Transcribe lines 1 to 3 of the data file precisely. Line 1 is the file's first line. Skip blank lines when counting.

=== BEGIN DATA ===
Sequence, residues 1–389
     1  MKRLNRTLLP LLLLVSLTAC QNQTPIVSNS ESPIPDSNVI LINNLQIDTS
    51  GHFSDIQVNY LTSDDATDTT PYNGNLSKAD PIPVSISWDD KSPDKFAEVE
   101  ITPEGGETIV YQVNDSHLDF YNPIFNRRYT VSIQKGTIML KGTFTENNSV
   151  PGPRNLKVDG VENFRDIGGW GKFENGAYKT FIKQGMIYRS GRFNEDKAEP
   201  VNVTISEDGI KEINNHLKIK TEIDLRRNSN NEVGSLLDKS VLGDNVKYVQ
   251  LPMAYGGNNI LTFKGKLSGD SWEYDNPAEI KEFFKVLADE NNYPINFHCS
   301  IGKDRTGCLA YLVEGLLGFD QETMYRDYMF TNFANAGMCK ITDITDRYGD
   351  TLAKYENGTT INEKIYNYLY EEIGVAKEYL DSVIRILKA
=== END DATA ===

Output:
Sequence, residues 1–389
     1  MKRLNRTLLP LLLLVSLTAC QNQTPIVSNS ESPIPDSNVI LINNLQIDTS
    51  GHFSDIQVNY LTSDDATDTT PYNGNLSKAD PIPVSISWDD KSPDKFAEVE